Where Will the S&P 500 Be in a Year?
How high can US equity markets go?
The S&P 500 has entered uncharted territory of late and is flirting with the 2,400 mark. The Dow Jones Industrial Average (DJIA), meanwhile, just breached 21,000 and shows no signs of faltering.
The S&P 500 has been on an especially bullish run of late. Since 8 November 2016, the index is up about 12%.
Many have attributed the recent performance to the so-called Trump effect, as investors anticipate lower taxes and reduced regulations under President Donald Trump, while presumably discounting the potential for trade wars or other geopolitical risks. This turnabout is especially curious given all the dire warnings in the run-up to the election.
The dour predictions juxtaposed with the subsequent surge suggest something of a bipolar disorder and reaffirm the inherent fallibility of assigning a political explanation to market performance.
Nevertheless, whatever the cause of the recent bullish streak, some see signs of irrational exuberance in the S&P 500’s rapid ascent. After all, the average Wall Street estimate pegged the index closing out 2017 at 2,364. It’s barely March, and that figure has already been eclipsed.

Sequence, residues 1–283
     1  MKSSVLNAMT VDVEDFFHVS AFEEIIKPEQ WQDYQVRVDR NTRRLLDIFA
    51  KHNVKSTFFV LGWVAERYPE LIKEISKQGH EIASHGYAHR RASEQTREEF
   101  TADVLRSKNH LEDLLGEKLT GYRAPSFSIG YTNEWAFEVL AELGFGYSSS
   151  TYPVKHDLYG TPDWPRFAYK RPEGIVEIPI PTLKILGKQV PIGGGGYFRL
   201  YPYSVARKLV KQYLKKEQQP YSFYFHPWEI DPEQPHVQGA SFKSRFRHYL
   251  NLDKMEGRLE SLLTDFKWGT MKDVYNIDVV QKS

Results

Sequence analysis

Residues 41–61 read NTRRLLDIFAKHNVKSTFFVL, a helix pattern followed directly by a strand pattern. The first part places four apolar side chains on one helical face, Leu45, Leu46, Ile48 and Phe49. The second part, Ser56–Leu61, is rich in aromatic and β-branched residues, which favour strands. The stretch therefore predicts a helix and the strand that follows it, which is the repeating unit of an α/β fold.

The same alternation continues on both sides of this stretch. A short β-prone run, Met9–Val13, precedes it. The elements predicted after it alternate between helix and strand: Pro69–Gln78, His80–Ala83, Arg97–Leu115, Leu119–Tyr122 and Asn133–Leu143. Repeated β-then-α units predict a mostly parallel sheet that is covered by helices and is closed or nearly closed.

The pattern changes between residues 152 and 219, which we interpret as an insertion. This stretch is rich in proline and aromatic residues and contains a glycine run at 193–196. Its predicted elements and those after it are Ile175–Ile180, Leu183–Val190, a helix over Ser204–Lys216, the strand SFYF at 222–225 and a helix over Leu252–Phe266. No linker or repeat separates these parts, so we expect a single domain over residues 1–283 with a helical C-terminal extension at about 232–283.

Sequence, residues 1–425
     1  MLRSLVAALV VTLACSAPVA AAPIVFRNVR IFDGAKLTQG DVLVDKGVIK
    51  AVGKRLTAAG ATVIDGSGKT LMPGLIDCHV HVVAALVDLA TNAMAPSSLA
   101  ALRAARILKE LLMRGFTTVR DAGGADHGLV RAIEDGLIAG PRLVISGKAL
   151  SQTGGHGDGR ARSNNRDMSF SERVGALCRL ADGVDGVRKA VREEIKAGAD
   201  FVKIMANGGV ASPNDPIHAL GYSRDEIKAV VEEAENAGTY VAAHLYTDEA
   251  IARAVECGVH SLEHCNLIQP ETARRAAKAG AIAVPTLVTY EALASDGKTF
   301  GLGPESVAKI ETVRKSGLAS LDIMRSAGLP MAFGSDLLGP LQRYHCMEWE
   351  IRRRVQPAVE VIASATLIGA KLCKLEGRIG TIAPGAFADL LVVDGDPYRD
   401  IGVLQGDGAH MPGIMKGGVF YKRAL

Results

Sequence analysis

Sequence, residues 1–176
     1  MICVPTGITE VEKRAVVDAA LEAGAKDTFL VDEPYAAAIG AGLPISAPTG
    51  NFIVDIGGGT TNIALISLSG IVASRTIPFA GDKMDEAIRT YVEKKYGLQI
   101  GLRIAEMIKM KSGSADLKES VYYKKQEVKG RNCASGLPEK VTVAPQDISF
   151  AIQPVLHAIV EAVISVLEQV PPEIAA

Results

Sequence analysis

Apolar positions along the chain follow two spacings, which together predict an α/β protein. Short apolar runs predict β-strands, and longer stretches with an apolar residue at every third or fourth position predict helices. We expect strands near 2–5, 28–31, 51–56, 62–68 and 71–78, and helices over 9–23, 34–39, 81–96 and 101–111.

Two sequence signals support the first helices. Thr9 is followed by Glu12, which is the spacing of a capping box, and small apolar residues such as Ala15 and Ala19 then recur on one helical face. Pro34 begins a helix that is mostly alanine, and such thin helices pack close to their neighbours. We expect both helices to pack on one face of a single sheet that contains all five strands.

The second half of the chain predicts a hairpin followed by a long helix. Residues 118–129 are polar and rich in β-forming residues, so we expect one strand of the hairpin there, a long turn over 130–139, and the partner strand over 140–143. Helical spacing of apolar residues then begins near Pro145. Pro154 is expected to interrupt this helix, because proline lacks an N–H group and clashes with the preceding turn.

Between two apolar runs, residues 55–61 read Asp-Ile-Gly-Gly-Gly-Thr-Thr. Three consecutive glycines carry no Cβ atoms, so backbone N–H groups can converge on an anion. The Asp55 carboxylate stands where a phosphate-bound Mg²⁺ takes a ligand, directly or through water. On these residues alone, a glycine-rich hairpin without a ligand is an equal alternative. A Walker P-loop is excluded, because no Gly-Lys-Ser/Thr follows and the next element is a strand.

So what’s going on? Are we in the midst of a stock bubble, in the early stages of a historic boom, or somewhere in the middle?
For a sense of the consensus on these questions, we conducted an informal poll of CFA Institute Financial NewsBrief readers for their perspective on where the index will be a year from now.
What is your expectation for the total return of the S&P 500 index over the next 12 months?
Over two-thirds of the 991 respondents (67%) anticipate the S&P 500 is not due for a major correction one way or the other and expect it to rise or fall between 10%.
What’s the major takeaway from this? Most investors think that the index is more or less appropriately priced, that it isn’t in either boom or bubble territory.
The story at the extremes is also illuminating.
One in five respondents see the index rising by at least 10% over the next year compared to only 13% who see it falling by 10% or more.
Put another way: There are more bulls than bears.
But go further out on the margins and the story is slightly different: 6% think the index is due for a major downward correction in excess of 20%. That compares to only 2% who see the index expanding by 20% or more.
So ultra bears outnumber ultra bulls.
These data points aside, the broad consensus is that a year from now the S&P 500 won’t look that much different from what it does today.
So to return to the opening query: How high? Probably not much higher and maybe even a bit lower.
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All posts are the opinion of the author. As such, they should not be construed as investment advice, nor do the opinions expressed necessarily reflect the views of CFA Institute or the author’s employer.